SEC stalling on climate disclosure rules won’t prevent lawsuits

In today’s issue:

— No amount of SEC tinkering with climate disclosure rules will prevent litigation
— Spanish ham to snowless NYC: Climate change makes itself felt in strangest ways
— President Biden’s State of the Union address will lean heavy on the hundred thousand green new jobs created by the Inflation Reduction Act, and the promise of solar power
— More than 3.4 million U.S. adults were forced out of their homes last year alone because of disasters. New Census Bureau data signals why we are severely under-counting the climate migration numbers.
— As more minerals and metals become essential tools for our electrification revolution, this famous one may become the new gold

A series of leaked stories this week in Washington, D.C. suggest Securities and Exchange Commission chief Gary Gensler is mulling ways to weaken the regulator’s proposed climate disclosure rules to prevent a deluge of lawsuits from the financial industry and red-state politicians.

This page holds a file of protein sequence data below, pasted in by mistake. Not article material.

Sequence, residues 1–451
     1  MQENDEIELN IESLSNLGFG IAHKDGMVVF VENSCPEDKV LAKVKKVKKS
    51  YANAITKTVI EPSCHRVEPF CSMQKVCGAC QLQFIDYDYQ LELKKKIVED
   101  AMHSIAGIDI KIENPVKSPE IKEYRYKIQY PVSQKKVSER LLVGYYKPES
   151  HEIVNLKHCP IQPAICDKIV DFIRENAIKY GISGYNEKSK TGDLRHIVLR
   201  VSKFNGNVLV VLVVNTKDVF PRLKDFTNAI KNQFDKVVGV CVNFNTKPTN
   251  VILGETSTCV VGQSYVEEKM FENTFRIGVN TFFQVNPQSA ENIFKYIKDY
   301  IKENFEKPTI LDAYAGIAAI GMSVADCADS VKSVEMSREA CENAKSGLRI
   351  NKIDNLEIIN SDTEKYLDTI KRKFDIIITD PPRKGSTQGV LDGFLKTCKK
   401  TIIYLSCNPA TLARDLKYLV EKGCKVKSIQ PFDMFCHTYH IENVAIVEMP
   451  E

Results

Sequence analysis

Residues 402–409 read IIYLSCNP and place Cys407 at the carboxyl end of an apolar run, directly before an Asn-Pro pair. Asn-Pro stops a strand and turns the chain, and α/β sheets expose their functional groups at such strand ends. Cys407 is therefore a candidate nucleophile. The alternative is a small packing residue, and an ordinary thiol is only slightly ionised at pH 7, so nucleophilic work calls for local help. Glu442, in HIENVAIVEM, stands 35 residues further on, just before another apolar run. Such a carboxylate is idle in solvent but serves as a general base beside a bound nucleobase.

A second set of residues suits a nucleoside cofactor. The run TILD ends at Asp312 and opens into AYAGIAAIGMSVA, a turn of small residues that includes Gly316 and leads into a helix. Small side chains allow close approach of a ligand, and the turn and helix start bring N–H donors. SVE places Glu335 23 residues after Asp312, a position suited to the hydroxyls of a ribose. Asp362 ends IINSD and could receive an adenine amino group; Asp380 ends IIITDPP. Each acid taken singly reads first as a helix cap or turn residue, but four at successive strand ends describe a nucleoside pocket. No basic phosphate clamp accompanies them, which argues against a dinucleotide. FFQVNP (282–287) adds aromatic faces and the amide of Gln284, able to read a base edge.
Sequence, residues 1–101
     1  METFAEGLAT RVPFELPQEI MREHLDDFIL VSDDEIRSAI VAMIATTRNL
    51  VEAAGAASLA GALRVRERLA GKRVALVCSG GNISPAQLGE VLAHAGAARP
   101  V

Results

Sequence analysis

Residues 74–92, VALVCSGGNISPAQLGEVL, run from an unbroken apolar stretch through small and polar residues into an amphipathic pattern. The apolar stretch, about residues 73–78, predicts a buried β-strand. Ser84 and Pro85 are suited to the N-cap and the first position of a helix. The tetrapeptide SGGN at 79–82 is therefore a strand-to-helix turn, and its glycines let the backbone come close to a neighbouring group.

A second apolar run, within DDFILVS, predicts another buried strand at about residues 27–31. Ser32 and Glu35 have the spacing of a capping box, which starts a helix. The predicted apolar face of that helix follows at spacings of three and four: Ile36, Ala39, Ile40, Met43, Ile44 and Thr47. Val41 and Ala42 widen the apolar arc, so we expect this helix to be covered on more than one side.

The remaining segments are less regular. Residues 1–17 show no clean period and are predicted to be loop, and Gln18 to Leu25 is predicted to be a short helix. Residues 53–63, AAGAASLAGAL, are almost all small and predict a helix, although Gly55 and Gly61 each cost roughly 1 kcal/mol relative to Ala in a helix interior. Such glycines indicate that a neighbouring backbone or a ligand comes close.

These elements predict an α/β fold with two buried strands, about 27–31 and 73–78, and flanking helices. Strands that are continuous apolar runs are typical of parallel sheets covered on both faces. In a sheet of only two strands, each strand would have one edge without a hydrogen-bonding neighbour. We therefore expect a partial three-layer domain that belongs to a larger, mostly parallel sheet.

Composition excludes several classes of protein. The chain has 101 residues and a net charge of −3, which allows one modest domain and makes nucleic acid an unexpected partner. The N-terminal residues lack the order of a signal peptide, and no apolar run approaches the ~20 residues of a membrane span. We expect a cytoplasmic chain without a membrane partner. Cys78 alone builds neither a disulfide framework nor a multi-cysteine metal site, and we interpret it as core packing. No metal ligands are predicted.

A central proposal to require large public companies to report the emissions caused by their supply chains, known as Scope 3 reporting, is the main target. But looking at all the nuisance suits, political bans, and investigations by opponents of climate disclosure in the last several months, Gensler must know he can’t win either way.

So, it’s likely the leaks are intended to pile on pressure because a decision and a vote by the SEC is imminent. We have heard March is a likely month for a decision, but of course it could come sooner. Whatever the SEC comes out with is likely to be the most controversial climate proposal to come out of Washington this year.

With Europe steadily requiring more climate disclosure, many of the biggest U.S. multinationals will already be forced into some sort of reporting on their emissions and/or climate risks to their businesses. Investors are increasingly demanding more insight into what risks their assets face. A retreat by the SEC would set the Biden Administration back to square one in its climate battle after a great year of progress in 2022, led by the introduction of the Inflation Reduction Act.

Gensler should ignore the leaks and prepare to come out swinging with as rigorous a set of rules as he can muster the votes for among SEC commissioners. Publish and be damned.

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